Last updated 6 months ago | By Odero Charles
An unbelievable tweet sent on November 14, 2012 and a cartoon video which joked about Kobe Bryant‘s death in a helicopter crash back in 2016 went viral on Sunday after the shocking death of the NBA legend.
The NBA icon, 41, and his 13-year-old daughter Gianna were killed in a helicopter crash, along with seven others on Sunday while they were on their way to the Mamba Sports Academy in Los Angeles.
Dozens of firefighters and paramedics battled across steep terrain to reach the flaming wreckage at the crash site but found no survivors, officials said.
Amidst the shocking helicopter crash that sent shockwaves throughout the world, there was a tweet by a random user predicting how the basketball icon would die.
The user, who goes by the username ‘Noso’, hauntingly predicted about the Lakers superstar dying in a helicopter crash on November 14, 2012, a tweet that left netizens freaking out, considering the fact that Twitter users cannot edit their tweets once posted on their timeline.
"Kobe is going to end up dying in a helicopter crash," reads the tweet which was shared on November 14, 2012. [as seen below]
Kobe is going to end up dying in a helicopter crash — .Noso (@dotNoso) November 13, 2012
Horrified fans reacted harshly and slammed the twitter user ‘Noso’ asking him to delete the tweet.
The user has since apologized, but has not removed the tweet despite multiple requests from fans.
So, is the tweet real?
Some netizens called the tweet fake while others said it is legit.
One Twitter user explained the tweet could have been posted in response to a story published on usatoday.com on November 13 2012 about Kobe flying teammate Steve Blake to the doctor and so ''.Noso'' just assumed and tweeted Kobe Bryant would die in a helicopter.
Another Twitter user also explained ‘Noso’ tweet was posted using Cabron V2.5 in 2012. However, some users dismissed his claims- asking how did he (‘Noso’) use Carbon V2.5 in 2012 while V2.4.31 was released in 2015.
Game Yetu was unable to verify how to change time stamp on a tweet, at the same time we could not rule out the assertion that the tweet was edited.
Another video that is going viral is an episode of Comedy Central TV show 'Legends of Chamberlain Heights', where they had predicted Kobe's death in a helicopter crash.
The episode aired on November 17, 2016.
In the episode, which has now been removed from the Comedy Central website, the video shows the basketball legend trapped in the wreckage of the helicopter with his NBA trophies before it burst into flames.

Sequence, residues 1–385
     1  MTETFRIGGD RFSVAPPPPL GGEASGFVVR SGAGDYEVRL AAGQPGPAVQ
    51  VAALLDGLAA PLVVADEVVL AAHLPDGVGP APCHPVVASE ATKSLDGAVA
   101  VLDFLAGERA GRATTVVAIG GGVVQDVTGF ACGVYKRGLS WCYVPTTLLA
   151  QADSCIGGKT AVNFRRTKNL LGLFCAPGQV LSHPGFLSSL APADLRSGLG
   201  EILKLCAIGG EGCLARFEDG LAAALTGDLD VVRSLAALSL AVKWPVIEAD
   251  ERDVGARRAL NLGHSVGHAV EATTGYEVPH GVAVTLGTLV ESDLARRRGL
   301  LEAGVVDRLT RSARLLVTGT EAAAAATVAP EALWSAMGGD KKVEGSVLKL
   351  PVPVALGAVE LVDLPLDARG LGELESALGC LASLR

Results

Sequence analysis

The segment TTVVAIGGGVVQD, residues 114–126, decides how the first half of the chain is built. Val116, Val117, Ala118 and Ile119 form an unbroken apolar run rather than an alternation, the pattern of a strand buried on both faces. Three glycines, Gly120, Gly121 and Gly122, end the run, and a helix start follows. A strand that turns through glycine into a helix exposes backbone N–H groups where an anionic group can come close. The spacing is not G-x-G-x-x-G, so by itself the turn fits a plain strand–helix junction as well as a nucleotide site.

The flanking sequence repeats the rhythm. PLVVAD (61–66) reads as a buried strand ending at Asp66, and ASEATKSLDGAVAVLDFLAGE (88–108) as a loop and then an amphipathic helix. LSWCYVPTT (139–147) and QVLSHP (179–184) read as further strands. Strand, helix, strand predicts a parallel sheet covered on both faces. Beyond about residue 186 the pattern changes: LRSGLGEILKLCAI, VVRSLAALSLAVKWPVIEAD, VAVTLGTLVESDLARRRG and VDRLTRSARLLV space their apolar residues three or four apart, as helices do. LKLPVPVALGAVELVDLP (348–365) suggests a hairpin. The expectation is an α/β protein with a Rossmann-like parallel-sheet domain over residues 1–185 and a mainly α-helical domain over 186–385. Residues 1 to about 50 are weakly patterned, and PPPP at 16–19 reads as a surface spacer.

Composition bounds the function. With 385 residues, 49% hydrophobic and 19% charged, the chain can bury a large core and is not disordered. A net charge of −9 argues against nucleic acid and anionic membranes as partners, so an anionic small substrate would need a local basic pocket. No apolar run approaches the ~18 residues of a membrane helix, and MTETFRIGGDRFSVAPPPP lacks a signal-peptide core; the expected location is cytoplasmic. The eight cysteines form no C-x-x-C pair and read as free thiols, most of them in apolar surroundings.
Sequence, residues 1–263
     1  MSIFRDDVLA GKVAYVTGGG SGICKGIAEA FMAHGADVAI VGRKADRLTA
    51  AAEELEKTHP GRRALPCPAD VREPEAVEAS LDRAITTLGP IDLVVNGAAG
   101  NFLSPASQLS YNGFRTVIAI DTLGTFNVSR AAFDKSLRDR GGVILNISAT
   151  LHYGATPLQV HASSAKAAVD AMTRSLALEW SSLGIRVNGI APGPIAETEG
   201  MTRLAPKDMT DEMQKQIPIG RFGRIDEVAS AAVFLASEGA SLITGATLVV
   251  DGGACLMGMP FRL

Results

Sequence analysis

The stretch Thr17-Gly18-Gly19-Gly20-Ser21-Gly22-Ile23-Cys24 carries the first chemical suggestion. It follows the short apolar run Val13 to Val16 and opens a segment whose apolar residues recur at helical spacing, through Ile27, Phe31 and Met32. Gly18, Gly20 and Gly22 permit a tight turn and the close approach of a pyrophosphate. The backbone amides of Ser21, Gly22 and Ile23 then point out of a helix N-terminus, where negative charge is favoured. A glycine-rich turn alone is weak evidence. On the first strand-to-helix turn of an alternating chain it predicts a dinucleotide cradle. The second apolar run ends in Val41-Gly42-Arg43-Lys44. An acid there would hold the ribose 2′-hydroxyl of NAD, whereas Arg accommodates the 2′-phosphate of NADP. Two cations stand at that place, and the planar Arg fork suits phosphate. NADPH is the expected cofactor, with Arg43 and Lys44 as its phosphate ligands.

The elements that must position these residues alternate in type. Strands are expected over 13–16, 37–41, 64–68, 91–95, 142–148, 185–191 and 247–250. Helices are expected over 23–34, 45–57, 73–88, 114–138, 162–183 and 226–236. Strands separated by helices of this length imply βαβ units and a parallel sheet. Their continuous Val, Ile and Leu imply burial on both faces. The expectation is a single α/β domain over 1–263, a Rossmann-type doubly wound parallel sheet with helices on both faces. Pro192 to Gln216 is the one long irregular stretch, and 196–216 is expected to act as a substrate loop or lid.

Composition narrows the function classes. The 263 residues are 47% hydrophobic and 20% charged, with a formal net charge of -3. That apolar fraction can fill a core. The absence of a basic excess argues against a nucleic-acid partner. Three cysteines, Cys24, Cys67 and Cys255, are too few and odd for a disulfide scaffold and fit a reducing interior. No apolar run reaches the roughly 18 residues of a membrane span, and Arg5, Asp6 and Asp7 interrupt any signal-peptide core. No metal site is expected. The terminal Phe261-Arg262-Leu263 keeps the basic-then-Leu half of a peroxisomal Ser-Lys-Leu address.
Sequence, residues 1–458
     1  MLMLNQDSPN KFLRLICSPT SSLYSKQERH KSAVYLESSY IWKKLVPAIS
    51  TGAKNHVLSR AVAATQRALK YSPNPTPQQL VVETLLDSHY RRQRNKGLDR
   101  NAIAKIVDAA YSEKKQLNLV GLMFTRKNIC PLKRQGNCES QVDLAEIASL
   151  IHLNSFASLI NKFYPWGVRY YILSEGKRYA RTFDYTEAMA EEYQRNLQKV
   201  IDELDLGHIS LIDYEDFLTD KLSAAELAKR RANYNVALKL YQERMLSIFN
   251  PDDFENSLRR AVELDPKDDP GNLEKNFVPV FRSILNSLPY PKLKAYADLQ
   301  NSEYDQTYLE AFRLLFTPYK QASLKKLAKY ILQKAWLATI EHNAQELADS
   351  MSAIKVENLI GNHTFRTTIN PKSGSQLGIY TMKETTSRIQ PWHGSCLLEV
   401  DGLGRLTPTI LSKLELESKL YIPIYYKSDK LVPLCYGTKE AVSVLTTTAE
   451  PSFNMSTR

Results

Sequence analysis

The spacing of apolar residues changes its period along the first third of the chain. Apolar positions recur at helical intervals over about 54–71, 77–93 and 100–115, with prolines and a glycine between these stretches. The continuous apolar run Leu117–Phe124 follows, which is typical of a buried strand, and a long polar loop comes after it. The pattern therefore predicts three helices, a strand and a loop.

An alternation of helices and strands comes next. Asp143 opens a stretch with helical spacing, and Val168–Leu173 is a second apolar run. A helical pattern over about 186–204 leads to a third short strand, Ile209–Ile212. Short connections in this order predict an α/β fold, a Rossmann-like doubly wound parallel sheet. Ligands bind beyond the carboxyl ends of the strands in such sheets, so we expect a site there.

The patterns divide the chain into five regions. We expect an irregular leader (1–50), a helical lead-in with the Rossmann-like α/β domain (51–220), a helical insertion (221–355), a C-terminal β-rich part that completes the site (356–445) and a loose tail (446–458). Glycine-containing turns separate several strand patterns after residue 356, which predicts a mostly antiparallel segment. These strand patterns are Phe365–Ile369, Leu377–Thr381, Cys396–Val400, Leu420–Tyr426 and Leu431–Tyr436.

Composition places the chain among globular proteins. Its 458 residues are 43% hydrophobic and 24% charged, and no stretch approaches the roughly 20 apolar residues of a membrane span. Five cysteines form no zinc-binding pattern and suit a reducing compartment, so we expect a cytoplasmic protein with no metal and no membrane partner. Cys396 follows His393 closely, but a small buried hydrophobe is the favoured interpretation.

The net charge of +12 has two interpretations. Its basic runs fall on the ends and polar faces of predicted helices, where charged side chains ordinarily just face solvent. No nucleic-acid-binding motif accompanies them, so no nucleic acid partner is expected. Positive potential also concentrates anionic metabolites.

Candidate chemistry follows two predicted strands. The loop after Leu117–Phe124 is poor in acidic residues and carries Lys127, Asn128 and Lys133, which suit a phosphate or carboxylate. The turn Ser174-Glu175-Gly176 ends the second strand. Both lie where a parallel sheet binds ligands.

Bryant was a five-time NBA champion in a career that began in 1996 straight out of a high school and lasted until his retirement in 2016.
He also was a two-time Olympic gold medalist, helping spark the US squad of NBA stars to titles in 2008 in Beijing and 2012 in London.
Bryant bowed out of the NBA in 2016, scoring 60 points in his final appearance before his adoring fans at the Staples Center.
It was a fairytale farewell to a sporting career which had begun two decades earlier.
The son of former NBA player Joe "Jellybean" Bryant, the Lakers legend was born in Philadelphia in 1978 while his father played for the 76ers.
The elder Bryant played from 1984 to 1991 in Italy, giving young Kobe a global worldview as he grew up dreaming of following his dad into the NBA.
He would eventually join the ranks of professionals at the age of 17, jumping directly into the NBA, only the sixth player and first guard to make such a leap.
At 18, Bryant became, at the time, the youngest player or starter in an NBA game and the youngest winner of the NBA Slam Dunk Contest.
With Bryant paired alongside Shaquille O'Neal, the Lakers captured three NBA crowns in a row from 2000-2002, returning the team to glory days unseen since 1988.
Bryant's career was almost derailed in 2003 when he was arrested in Colorado over a sexual assault complaint filed by a 19-year-old hotel employee where Bryant was staying ahead of knee surgery.
Bryant was accused of rape. He admitted to adultery but said he did not commit rape. The case was dropped in 2004 after the accuser refused to testify in a trial.
A separate civil suit was settled under terms kept private.
Bryant saw out his career with the Lakers, successfully branching out into the entertainment industry following his retirement.
In 2018, he won an Oscar for his animated short film "Dear Basketball", a love letter to the sport which brought him fame and fortune.